New technology has helped law enforcement agencies solve decades-old cold cases, but that's only the beginning of the battle.
While some of Arizona's "Jane Doe" and "John Doe" homicide victims now have names, many of their cases remain unsolved.
ABC15 is digging into the stories of some of these now-identified cold case murder victims whose killers have not been identified.
"Jane Doe" (Brenda Marie Gerow)
Brenda Marie Gerow was found dead in Pima County in 1981, however, it wasn’t until decades later that the remains were identified as someone other than “Jane Doe.”
A young woman’s body was found near the Pima County Fairgrounds. Pima County investigators said the victim had been “brutally murdered,” according to a 2015 ABC15 report.
Years later, “Jane Doe” was exhumed and thanks to DNA testing and technology improvements — and a photograph found during another murder investigation — the remains were positively identified as Gerow.
The photo was that of a woman in the possession of John Kalhauser. Gerow had left New Hampshire with him when she was 20 years old, according to an Associated Press article.
Officials discovered the woman in the picture, later determined to be Gerow, looked similar to a facial reconstruction of “Jane Doe” that had been done with the victim’s skull.
Pima County Sheriff's officials have said Kalhauser is only a person of interest in Gerow's murder.
Kalhauser was convicted in the 1979 shooting an ex-girlfriend’s boyfriend, AP reported. He had been living under a different name in the Tucson area before he was arrested.
He also served time in an Arizona prison for the 1995 murder of his wife. He was released in 2019, the Arizona Department of Corrections shows.
"Valentine Sally" (Carolyn Eaton)
Last year, nearly 40 years after the northern Arizona discovery, an unidentified body that came to be known as "Valentine Sally" was identified as a 17-year-old girl — but her killer remains unknown.
On Feb. 14, 1982, an Arizona Department of Public Safety trooper stopped to help a motorist along Interstate 40 west of Williams. During that stop, the trooper discovered a body.
Through a recent grant, officials were able to complete a familial DNA search on the remains, matching members of a family in Missouri.
Detectives flew to the St. Louis-area family and interviewed them, learning that they had a sibling, 17-year-old Carolyn Eaton, who had run away from home around Christmas in 1981. The remains were positively identified as Eaton.
CCSO says the case is still under investigation as a homicide, but there are still no identified suspects.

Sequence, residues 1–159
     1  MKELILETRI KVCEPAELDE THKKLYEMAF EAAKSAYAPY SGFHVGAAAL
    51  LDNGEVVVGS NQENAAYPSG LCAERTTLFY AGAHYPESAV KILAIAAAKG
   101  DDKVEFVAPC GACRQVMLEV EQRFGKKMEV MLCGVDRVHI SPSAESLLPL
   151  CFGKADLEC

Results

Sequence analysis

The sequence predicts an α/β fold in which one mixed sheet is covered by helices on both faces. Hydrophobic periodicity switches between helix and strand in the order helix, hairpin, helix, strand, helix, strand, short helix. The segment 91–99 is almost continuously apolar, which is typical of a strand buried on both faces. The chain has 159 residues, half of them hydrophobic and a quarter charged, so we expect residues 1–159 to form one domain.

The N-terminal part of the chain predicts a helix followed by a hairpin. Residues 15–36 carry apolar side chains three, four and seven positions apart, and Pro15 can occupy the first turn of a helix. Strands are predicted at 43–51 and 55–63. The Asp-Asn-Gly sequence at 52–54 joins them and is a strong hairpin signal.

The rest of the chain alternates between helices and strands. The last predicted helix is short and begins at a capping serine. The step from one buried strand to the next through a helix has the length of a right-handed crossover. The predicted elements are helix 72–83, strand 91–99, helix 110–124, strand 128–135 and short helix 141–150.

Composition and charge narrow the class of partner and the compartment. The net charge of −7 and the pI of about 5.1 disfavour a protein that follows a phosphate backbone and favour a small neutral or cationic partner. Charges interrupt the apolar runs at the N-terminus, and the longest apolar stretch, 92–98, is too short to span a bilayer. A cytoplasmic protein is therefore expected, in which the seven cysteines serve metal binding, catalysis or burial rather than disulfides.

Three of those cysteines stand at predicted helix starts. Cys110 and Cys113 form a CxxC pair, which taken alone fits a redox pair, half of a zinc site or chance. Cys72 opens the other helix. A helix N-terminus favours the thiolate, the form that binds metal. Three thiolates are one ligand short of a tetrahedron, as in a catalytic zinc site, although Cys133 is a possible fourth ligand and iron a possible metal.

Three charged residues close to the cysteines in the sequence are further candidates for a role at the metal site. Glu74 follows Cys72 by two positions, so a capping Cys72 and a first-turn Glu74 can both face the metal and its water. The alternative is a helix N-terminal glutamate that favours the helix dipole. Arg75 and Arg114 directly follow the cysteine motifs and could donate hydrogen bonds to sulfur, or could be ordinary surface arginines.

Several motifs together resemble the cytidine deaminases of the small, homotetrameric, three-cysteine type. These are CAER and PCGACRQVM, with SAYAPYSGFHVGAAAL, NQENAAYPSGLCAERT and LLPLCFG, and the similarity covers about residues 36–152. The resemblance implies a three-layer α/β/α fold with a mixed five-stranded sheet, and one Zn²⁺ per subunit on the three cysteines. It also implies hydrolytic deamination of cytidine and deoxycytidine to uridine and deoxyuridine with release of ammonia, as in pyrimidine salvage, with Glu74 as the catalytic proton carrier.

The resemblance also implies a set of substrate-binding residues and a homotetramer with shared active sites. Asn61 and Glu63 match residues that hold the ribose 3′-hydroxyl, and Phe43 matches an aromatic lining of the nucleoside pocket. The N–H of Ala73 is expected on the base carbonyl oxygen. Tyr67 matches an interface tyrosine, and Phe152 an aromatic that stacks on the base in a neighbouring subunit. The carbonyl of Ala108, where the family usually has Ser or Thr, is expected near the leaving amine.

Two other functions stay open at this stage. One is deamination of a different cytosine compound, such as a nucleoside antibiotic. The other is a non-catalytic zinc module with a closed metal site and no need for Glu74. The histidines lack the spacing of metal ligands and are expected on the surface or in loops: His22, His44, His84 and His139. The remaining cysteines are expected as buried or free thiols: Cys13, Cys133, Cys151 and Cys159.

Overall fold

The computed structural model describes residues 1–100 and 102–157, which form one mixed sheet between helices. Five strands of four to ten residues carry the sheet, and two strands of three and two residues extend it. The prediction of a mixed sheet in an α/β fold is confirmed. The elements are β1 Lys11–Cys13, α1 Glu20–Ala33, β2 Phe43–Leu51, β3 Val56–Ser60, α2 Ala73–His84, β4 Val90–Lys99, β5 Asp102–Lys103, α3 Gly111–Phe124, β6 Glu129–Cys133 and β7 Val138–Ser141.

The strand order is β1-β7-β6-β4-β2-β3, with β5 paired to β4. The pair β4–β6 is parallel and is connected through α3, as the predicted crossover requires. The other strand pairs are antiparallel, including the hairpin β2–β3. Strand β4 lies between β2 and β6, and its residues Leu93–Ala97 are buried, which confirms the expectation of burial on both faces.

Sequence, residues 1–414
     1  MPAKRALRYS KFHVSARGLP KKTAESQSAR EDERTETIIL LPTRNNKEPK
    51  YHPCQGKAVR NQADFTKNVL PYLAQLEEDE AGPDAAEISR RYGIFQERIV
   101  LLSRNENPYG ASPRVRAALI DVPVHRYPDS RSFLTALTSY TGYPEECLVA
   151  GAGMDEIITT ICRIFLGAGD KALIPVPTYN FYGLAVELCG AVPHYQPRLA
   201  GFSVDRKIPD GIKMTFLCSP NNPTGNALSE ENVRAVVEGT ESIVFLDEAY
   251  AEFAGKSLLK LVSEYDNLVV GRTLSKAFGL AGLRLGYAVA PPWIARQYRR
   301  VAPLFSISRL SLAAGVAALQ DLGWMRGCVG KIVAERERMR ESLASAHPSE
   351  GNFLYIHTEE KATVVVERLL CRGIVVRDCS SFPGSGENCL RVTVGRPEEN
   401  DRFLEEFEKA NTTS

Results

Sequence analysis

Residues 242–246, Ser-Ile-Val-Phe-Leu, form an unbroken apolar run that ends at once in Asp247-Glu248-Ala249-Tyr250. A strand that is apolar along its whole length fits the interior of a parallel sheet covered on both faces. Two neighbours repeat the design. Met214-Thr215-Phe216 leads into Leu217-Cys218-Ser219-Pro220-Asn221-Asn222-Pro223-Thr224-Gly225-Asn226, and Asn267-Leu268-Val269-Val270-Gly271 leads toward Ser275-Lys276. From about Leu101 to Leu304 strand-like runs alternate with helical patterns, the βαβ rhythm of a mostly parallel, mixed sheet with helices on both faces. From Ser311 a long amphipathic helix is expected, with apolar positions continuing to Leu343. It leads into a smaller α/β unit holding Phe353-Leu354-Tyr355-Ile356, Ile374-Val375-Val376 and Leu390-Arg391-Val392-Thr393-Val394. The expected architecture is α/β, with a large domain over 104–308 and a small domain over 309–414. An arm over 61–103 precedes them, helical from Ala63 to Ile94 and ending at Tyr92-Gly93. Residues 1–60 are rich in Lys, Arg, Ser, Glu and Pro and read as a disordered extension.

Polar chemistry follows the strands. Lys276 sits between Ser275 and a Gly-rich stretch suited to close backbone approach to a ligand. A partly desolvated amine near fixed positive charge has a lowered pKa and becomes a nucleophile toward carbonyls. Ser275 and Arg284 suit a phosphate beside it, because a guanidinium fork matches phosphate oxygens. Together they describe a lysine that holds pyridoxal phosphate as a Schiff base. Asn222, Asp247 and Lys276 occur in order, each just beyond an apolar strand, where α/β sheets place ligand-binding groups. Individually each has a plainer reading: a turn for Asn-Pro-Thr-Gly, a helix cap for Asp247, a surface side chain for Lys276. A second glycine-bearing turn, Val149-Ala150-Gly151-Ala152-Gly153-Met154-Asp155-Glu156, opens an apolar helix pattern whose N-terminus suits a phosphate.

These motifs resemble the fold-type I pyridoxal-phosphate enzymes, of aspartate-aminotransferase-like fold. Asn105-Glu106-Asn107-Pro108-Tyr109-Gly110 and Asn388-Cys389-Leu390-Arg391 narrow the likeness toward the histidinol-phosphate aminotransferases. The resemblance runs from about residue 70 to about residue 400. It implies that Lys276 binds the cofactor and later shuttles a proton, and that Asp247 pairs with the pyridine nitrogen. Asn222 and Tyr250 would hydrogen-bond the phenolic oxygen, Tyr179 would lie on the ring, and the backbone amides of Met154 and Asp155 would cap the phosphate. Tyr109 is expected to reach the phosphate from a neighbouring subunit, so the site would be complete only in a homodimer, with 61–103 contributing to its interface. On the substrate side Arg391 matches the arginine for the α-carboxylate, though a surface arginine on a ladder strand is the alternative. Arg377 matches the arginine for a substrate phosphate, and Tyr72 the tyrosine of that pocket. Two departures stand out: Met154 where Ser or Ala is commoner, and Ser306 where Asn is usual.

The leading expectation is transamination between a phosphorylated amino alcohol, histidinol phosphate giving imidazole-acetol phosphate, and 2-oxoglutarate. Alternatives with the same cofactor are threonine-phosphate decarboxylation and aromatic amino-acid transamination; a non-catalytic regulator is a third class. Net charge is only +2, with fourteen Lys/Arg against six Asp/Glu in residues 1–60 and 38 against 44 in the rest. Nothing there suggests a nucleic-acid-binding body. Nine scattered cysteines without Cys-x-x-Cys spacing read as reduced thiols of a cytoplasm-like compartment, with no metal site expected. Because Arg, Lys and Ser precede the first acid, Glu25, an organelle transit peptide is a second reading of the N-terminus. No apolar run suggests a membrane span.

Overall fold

Kimberly Rena Jones
Eighteen-year-old Kimberly Rena Jones was reported missing from San Bernardino, California, in 2017, but she hadn’t been seen since mid-2016, according to the non-profit organization, The Charley Project.
On Sept. 28, 2016, the remains of an unidentified young woman were found north of Dolan Springs near Highway 93.
In 2020, a Special Investigations Unit was assigned to the case and in 2021, after DNA and genealogy tests, the remains were identified as Jones.
Authorities said last year the investigation into Jones' disappearance and death is still ongoing.
Anyone with any information about the disappearance of Jones is urged to call Mohave County’s Special Investigations Unit at 928-753-0753 ext. 4408.
Human remains were found near Forest Service Road 418 near Flagstaff in 1995. They remained unidentified for more than two decades.
An Omaha, Nebraska, news station reported that the remains were identified in 2016 as Robert Bresson, last seen near Why, Arizona, earlier in 1995.
He had ties to Lincoln, Nebraska, and Independence, Iowa, and another Nebraska news site reported that Bresson traveled a lot on his motorcycle.
The 56-year-old had reportedly been killed and buried. According to a Coconino County list of cold cases, it appears Bresson's body was found with two bullet holes in his skull.
No suspects have been identified.
Last year, officials said anyone with information about the case is asked to call Coconino County Sheriff’s Office.
"Little Miss Nobody" (Sharon Lee Gallegos)
"Little Miss Nobody's" body was found on July 31, 1960, by a school teacher looking for rocks in Sand Creek Wash near Congress, Arizona. Investigators determined the body had been burned and she was likely dead for a week prior to the discovery.
Since then, law enforcement and groups across the country had been working to identify the little girl.
Earlier this month, new DNA testing confirmed the body belonged to Sharon Lee Gallegos of New Mexico. Gallegos had reportedly been abducted from the alley behind her home in Alamogordo, New Mexico, on July 21, 1960, when she was 4 years old. According to reports, she may have been stalked for some time prior to her disappearance.
According to reports, the car involved in her disappearance may have been a dark green early 1950s Dodge or Plymouth with a man, woman and two children inside. Those reports say the people in the vehicle offered to buy Gallegos candy and clothes if she got in the car, and when she refused, they dragged her inside and took off.
Officials say they are working to fill in the blanks of who was involved and what happened in the days between her disappearance and when she was found.